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]ust a Few Places I've Been

song kept playing right along with his voice, neither of them hearing the other. A slow violin and a piano and this man's voice, all out of sync. "It's too late for tornadoes," said Dill, "just go get the buns." We were having a cook-out at his house. Barbeque on the deck and no buns for the hot dogs. This was my cheer-up cook-out, a surprise from Dill. He'd even bought my favorite relish-red pepper. I ran into them in the beer aisle, hands in my pockets because of the chill. Mitzy was bent in front of the glass row of windows, leaning forward. Lewis was looking up and away, at the lights, the ceiling. Later, he would say he didn't know it was coming, but I think he sensed it, the way he was looking up, sort of waiting. He said no. He was thinking about me, he said. In that moment. He was missing me. That I appeared like an angel. And then, before any of us could say a word to each other, just as we stood watching, mouths open, about to speak, that moment was frozen that way forever- because then there was a roar that stepped in and took over, shutting us all up. Ripping through the building in some terrifying sound. Some sound we had never heard, not in all our hurricanes on the Cape, right on the tip of the world, taking the brunt of the blow. No, nothing like this. Tornado. Taking up the building and traveling with it in its windy yellow arms. Ripping off walls and floor and ceiling. Metal beams bent upwards. People screaming all around us, and running, running for the front door, as if that would save them, to run into it. We ran to the back of the store and stood in the doorway to the storage section, rubber doors pushed behind us, wind howling-yes, howling! -and all of us clinging to each other, hoping for the best. Hoping we would make it out. I prayed out loud, screaming to the sky. Lewis put his arm around me in the doorway, his other arm around Mitzy, trying to protect us both. "Get your hand off me," I screamed. The wind was tearing at my hair, pushing it in my face so I couldn't even tell Lewis off right. "I don't need your help. Protect Mitzy,"' I said. "She looks like she needs it." Mitzy was hiding in Lewis' shoulder, and shaking. Poor sad girl, I thought, you should've worn pants. "What's your problem?" Lewis screamed back. Boxes from the storage room lifted into the sky, spinning. "You went out with Tucker, Susie. Jesus." "No I didn't. I didn't even like him. We just went to dinner and climbed Chambers and I went home. You're the one who broke us up. You're the one needed an adventure." Summer - Fall 2006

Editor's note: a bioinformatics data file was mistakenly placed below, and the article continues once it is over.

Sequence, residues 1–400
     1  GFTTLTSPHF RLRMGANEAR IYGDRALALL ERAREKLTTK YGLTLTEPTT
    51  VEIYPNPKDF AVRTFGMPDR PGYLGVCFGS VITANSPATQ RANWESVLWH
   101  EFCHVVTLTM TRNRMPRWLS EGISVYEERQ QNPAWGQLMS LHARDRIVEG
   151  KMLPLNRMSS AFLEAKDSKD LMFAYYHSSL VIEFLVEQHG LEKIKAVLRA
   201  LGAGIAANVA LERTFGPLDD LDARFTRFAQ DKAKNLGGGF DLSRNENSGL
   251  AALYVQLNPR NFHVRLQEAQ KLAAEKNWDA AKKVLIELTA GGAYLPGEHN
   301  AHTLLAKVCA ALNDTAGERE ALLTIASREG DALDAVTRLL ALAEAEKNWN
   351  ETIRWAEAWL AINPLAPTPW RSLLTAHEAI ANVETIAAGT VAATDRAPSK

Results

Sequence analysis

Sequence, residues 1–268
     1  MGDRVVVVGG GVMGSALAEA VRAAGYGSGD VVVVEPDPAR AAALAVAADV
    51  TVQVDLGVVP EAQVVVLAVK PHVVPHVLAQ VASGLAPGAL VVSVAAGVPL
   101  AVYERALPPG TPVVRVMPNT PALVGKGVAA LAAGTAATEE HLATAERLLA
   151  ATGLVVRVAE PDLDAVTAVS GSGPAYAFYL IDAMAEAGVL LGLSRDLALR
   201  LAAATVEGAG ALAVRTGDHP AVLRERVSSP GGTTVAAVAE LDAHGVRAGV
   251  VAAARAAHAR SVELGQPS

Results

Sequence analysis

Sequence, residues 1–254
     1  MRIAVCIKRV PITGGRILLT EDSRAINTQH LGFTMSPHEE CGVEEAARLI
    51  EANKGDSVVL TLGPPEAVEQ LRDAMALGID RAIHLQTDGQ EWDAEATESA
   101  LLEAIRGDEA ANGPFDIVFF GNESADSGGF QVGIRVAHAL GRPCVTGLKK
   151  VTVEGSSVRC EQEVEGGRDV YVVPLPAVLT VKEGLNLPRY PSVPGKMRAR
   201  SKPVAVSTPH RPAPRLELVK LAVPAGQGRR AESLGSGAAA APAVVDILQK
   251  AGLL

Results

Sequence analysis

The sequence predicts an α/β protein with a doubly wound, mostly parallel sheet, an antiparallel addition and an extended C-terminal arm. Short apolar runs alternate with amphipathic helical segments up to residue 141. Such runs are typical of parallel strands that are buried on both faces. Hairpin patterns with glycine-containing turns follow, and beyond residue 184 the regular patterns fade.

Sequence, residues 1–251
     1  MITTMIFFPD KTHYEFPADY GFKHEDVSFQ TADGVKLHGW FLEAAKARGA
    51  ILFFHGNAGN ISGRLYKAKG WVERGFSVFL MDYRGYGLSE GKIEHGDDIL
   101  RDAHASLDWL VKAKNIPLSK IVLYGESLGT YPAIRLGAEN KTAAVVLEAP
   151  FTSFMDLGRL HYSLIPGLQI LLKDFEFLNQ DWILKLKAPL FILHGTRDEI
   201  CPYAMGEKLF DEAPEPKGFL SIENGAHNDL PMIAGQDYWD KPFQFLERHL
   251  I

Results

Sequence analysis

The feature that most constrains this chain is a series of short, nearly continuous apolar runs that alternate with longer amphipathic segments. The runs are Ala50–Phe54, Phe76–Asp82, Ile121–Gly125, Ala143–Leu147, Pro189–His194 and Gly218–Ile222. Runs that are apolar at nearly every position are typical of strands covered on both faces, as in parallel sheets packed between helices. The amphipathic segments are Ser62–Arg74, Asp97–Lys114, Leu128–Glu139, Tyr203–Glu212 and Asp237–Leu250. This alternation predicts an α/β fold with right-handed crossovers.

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Fugue 31 - Summer/Fall 2006 (No. 31)  

The Literary Digest of the University of Idaho

Fugue 31 - Summer/Fall 2006 (No. 31)  

The Literary Digest of the University of Idaho